It is possible to obtain a professional certification in addition to a bachelor’s degree in supply chain management, but this is rarely mandatory. People in the most senior positions and those in the largest firms will often have obtained a master’s degree in supply chain management. It is possible to complete a supply chain management masters degree online so you can continue to work and study on a schedule which suits you.
Keep up to date with industry news and trends
The modern world is moving at an incredible pace when it comes to breaking news, emerging trends, industry changes, and new technology. To keep ahead of the game, it’s vital that you stay up to date with what’s going on both while you’re studying and throughout your career. Before you graduate, this will help you to work out which sector and role are of most interest to you and will give you a deeper understanding so you can impress during interviews and when networking. You should also continue to stay on top of the latest trends when you are employed so you can stay current and ahead of the competition where possible. Consider setting up Feedly, which is an RSS newsreader. You input which topics you are interested in, and it will automatically scan the internet for related content. Google Alerts is another option which emails you when relevant keywords or phrases are published.
Network as much as possible
While theoretical learning is essential, you need to try and make connections with industry professionals who are already working in the supply chain field. Even if you have not yet graduated, you should be starting to build a network of contacts who can help with your career progression when you’re qualified. The professional networking site, LinkedIn, is an effective and straightforward way to connect with relevant industry professionals and to see content from influential people. You may want to connect with your classmates, professors, alumni, and even HR specialists who work with the supply chain industry. You may want to become a member of an organization for supply chain professionals such as the Association for Supply Chain Management to increase your network and to be able to attend events and conferences. Many will offer students membership at a discounted rate.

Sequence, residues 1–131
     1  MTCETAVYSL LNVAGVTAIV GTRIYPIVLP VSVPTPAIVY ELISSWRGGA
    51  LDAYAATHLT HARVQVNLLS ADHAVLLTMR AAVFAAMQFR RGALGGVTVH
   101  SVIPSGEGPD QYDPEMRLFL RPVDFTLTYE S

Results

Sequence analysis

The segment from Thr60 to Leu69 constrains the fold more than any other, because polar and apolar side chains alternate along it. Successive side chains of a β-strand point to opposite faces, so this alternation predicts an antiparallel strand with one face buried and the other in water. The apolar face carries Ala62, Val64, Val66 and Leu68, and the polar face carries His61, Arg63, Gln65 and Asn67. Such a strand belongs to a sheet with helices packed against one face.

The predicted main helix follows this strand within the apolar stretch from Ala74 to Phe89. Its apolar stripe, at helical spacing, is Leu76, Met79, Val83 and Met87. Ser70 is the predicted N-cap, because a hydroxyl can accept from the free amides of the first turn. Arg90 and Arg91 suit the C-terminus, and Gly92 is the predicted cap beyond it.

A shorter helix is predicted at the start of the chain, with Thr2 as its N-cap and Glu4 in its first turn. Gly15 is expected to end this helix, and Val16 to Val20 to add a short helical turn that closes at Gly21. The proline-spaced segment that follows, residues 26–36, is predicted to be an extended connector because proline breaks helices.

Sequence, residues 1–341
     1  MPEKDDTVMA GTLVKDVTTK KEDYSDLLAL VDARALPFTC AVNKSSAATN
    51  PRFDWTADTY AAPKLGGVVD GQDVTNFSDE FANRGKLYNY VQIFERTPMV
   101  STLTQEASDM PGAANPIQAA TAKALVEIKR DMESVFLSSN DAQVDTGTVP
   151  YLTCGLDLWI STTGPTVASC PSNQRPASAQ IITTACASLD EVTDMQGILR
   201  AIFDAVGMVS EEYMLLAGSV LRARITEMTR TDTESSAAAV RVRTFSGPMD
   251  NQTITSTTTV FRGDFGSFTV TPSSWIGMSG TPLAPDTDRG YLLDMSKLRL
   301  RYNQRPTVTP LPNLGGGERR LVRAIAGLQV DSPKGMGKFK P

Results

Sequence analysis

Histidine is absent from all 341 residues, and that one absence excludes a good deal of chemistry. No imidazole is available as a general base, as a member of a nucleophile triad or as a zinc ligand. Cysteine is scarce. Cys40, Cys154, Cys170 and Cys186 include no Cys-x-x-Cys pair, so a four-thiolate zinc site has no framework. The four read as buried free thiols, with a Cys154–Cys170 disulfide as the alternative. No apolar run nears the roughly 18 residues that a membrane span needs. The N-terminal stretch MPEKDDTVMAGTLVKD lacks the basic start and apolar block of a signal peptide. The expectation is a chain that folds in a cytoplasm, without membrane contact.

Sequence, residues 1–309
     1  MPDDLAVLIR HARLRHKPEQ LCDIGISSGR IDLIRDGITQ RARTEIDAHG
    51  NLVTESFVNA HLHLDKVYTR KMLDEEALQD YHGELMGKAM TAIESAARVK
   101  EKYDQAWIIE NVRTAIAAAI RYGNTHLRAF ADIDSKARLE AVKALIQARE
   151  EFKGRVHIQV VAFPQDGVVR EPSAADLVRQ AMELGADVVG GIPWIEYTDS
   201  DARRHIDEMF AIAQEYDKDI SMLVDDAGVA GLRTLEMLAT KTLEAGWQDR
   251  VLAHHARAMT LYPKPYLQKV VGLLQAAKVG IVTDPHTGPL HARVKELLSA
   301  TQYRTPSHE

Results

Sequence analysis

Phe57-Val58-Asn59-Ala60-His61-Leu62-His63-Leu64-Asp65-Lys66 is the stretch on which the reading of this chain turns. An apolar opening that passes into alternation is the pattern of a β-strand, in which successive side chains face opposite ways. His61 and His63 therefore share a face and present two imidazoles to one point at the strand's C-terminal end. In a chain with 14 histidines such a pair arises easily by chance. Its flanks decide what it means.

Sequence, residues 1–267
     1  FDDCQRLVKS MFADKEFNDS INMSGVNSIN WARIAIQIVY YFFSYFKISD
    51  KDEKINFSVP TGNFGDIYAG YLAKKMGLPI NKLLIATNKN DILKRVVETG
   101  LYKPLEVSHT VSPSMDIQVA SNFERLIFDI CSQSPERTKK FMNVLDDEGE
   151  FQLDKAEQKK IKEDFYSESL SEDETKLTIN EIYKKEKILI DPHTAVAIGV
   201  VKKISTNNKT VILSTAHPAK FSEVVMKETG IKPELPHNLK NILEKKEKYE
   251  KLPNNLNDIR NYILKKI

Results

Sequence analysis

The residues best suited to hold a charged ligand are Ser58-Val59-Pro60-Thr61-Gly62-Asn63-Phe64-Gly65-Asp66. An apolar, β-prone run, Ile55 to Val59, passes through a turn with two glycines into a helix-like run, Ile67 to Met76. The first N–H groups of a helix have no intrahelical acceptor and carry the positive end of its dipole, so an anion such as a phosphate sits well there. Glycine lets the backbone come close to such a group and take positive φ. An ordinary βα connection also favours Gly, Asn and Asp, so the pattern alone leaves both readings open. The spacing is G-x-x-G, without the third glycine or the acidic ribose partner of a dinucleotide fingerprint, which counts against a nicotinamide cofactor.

Get as much experience as you can
The job market is a competitive space, and it’s often essential to make yourself stand out from the crowd. Completing an internship is a great way to secure yourself some real experience which will help you in your studies and when it comes to applying for your first position. Many will also offer a salary so you can earn while you are studying. Universities can often arrange internships for some of their students, but you may be able to find opportunities on supply chain organization job boards or through networking contacts.